At this early stage in the development of a religion, it would be extremely difficult to distinguish between spiritual and temporal powers, though the claim would be made primarily based on the former.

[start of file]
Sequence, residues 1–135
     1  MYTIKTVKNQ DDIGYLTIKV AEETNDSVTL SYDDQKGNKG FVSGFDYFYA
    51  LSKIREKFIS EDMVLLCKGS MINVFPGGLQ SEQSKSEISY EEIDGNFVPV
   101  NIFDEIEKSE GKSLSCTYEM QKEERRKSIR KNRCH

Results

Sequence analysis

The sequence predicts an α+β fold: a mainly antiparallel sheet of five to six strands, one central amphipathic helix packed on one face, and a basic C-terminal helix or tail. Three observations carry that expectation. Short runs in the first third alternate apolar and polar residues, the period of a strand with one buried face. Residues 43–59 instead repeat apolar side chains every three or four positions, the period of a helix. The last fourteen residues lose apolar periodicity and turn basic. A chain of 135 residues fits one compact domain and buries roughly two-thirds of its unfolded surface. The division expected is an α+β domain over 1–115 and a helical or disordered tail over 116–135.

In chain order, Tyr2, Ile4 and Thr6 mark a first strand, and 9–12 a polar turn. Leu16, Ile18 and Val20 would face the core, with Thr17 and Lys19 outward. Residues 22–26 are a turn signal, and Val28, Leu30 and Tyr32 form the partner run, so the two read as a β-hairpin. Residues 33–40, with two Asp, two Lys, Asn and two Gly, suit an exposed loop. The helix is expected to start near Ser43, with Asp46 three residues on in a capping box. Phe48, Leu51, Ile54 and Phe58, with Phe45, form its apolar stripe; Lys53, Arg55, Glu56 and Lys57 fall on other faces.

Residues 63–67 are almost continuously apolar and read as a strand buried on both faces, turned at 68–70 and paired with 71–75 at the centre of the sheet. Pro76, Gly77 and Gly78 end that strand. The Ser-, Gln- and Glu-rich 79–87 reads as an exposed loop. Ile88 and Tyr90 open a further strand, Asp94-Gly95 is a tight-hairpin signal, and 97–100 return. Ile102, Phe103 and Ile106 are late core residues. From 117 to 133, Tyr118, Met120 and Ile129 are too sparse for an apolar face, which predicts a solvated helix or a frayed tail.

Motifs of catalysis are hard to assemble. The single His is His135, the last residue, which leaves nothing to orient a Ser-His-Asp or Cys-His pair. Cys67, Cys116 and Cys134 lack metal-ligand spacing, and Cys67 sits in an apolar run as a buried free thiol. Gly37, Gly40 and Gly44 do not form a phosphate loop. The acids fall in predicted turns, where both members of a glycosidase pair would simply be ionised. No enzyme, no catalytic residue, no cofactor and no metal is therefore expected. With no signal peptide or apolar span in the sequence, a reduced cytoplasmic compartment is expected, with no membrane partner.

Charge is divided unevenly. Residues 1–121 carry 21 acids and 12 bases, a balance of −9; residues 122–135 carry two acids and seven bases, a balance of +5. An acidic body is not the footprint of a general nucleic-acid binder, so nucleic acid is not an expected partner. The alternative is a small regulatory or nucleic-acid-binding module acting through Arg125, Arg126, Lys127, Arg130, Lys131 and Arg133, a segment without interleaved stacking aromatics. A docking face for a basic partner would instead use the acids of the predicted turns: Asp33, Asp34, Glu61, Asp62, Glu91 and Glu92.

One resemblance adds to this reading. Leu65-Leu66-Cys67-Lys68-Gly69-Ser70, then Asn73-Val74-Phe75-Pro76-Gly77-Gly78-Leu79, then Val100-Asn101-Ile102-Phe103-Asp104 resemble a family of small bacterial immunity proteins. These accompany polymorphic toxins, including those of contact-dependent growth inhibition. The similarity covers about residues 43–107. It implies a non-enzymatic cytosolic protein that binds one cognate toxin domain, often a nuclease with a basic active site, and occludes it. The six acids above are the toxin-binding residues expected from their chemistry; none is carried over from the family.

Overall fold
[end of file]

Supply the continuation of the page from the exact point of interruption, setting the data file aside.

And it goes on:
Secular, deriving from the Latin word saecularis literally means worldly; in its modern use, the sphere of the secular is considered to be distinct from the religious. Although a secular thrust is said to have made the groundbreaking for modern scientific development in the West, it would be practically impossible to rule out the presence of the secular forces all through the history of religions and spiritual movements. In order to focus the thrust on the scientific and an ethos emerging from it, its subscribers took an extreme position of contrasting it with the spiritual, thus further widening the gap between spiritual/religious and the secular/worldly, though such distinct realities remained only on conceptual levels.